In the final scene, we saw (1) a tense moment when Soter hit Greg Pak and accidentally knocked off his glasses, (2) the brief return of Clinkenbeard’s character (a strange Jamaican man named Liechtenstein), and (3) good use of what we might call the Old Rubber Mask Bit, in which a desperate improviser alters the reality of a scene by ripping off a phony rubber mask and revealing himself to be someone else entirely. (This is the improviser’s equivalent of “in case of emergency, break glass.”)
A session of the McLaughlin Group parody followed. The format is simple: the show is set in a pre-20th Century time period and discusses a past event as though it were current. This time the topic was The Boston Tea Party, and Pak scored points by taking a stance of ecological outrage towards the pollution of the harbor. Bell deftly illustrated the invaluable comic device of the reincorporation when he hearkened back to a reference he had made earlier in Jeopardy.
The first half of the show ended with a session of “Can You Sing This?” in which a group of brave improvisers make up songs based on suggested titles and musical styles. Tonight’s titles ranged from “Infertility” to “Red Chinese Rhapsody.”
One interesting incident occurred during this sequence: a lady in the audience called out the suggested title, “Hollywood is My Beat.” Emcee Tom Soter accepted it, adding genially, “Thank you, Mrs. Walter Winchell” (in a reference to the newspaper columnist whose “beat” was Hollywood). This got a pretty fair laugh, but the woman unsmilingly shot back, “Ms.!” Which only goes to show that even if you’re doing comedy, and even if you’re referring to a hypothetical, non-existent character from the 1940s, if you’re performing near Columbia University, you’d better watch yourself!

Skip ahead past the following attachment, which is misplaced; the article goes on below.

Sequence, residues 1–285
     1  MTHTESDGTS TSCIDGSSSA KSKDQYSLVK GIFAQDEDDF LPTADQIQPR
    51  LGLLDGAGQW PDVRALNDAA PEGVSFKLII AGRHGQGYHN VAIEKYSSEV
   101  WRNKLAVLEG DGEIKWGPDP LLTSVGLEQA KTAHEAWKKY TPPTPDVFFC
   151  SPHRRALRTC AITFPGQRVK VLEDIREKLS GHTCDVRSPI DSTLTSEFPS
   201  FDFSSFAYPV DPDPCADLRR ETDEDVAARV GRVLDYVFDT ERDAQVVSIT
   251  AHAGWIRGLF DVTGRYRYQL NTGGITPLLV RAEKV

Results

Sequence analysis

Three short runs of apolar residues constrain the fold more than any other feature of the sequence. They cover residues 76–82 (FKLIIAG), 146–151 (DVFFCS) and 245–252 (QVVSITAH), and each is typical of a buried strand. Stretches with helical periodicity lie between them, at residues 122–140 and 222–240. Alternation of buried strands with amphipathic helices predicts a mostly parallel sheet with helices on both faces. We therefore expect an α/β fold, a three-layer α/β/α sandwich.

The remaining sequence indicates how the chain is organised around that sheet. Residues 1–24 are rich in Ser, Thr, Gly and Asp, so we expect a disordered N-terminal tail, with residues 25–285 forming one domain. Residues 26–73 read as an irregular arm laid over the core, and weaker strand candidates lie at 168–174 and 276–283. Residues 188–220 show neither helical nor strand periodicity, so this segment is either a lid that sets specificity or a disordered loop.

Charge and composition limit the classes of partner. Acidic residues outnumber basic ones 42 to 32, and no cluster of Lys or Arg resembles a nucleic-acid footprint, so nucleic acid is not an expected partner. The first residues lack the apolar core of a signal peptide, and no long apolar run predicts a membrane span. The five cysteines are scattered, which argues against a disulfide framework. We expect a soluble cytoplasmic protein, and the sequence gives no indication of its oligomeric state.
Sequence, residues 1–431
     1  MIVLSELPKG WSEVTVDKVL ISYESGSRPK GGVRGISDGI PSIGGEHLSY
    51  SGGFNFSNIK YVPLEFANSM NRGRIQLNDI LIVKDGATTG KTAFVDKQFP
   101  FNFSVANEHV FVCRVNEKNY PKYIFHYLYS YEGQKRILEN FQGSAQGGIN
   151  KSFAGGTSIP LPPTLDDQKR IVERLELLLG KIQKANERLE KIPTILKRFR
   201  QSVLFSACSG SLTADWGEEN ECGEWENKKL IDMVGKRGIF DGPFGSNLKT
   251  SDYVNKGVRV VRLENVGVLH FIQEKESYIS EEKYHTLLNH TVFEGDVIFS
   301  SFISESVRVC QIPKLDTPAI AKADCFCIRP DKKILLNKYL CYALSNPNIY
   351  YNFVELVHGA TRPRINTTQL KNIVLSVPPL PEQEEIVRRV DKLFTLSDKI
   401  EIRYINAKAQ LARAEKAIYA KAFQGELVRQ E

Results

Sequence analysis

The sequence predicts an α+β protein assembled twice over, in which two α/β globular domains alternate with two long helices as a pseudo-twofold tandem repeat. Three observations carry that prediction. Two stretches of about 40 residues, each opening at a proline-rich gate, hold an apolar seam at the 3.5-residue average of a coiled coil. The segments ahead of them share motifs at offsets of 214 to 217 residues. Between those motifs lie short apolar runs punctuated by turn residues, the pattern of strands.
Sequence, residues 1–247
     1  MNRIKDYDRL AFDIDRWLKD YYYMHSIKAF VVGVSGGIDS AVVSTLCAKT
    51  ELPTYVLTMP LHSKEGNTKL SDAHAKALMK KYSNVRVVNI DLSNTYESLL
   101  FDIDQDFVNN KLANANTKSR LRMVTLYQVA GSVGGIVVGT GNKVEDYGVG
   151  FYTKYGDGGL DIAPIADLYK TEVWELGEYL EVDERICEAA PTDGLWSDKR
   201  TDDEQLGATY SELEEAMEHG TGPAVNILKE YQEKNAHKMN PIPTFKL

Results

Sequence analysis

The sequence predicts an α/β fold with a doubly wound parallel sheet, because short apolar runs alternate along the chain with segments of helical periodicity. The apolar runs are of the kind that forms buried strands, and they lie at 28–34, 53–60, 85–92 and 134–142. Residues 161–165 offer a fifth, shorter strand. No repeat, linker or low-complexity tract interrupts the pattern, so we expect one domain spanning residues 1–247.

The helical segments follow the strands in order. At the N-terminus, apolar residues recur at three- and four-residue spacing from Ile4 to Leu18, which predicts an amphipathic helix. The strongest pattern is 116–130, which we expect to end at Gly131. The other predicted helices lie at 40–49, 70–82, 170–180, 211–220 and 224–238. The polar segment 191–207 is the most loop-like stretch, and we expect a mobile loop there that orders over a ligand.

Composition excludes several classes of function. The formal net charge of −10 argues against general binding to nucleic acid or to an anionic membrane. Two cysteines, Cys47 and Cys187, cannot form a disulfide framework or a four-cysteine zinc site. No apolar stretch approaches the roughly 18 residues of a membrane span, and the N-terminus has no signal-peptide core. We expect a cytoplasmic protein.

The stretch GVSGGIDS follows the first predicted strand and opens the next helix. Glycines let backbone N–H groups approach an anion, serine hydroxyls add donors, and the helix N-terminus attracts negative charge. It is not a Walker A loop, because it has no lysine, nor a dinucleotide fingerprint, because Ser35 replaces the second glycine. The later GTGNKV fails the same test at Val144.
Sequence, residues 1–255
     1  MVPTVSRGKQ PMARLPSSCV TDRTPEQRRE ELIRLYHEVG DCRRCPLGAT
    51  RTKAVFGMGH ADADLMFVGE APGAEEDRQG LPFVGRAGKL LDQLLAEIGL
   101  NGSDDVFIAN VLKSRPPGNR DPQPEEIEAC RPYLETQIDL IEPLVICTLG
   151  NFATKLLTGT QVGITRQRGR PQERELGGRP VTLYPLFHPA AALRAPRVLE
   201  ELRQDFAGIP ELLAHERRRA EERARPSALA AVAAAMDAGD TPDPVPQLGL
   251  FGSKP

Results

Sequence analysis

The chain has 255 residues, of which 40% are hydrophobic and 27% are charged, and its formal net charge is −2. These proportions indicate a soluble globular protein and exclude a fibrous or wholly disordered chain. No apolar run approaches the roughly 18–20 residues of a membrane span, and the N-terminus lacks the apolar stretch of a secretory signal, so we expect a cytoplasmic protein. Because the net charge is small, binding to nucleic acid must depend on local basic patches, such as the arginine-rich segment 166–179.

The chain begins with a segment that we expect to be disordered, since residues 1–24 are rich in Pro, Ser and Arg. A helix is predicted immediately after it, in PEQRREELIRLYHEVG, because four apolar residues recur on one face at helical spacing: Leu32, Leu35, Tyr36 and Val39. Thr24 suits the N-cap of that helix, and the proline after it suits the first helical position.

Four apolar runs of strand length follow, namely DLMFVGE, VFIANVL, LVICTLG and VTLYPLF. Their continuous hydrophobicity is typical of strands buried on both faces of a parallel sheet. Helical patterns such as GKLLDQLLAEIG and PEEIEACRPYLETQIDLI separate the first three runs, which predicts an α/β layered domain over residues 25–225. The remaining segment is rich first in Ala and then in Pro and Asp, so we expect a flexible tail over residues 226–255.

By intermission, the audience had increased substantially. There were now at least 25 people, and there was a palpable boost in energy as the second half began. To kick things off, Hoyle did his Flamenco guitar song (created in his N.Y. Improv Squad days), accompanied by former Squad mates Soter and Clinkenbeard. The suggestion was “brain surgeon” and featured couplets like this one from Clinkenbeard: “Down in the brain, near the vortex/I signed my name in his cerebral cortex!”) And Soter brought things home with a clever couplet involving both Dan Quayle and Al Gore.
A session of movie review parodies followed, which was neither notably good nor bad. Next up was the good old “Conducted Story with Scenes” form. This night’s tale was set in 18th Century London and concerned Dr. Samuel Johnson and James Boswell. Boswell was played as a drooling, misshapen village idiot. Most historians do not support this interpretation. Not that this made the wild story, concerning salamanders and a long-lost mother, any less funny. It just demonstrated an improv truism: if you don’t know about a subject, make a choice anyway. In the end, if you do it with commitment it will probably turn out all right.
The show drew to a close with a fast-paced “soap opera” parody, a lively round of the guessing game “Clue,” and an ingenious reprise of the opening song form in which the players had to sing about a memorable moment from the night. “This is the only improv tonight you’ll see,” sang Bell, “unless, of course, you come home with me.”
And so ended another “jam,” better than some, not as good as others. Rachel Kramer, a performer, felt that the evening underscored the primary rule of improv: “Whatever it is you’re doing, do it fully. If you’re going to sing, sing. But if you’re going to be apologetic, don’t do it on the audience’s time.”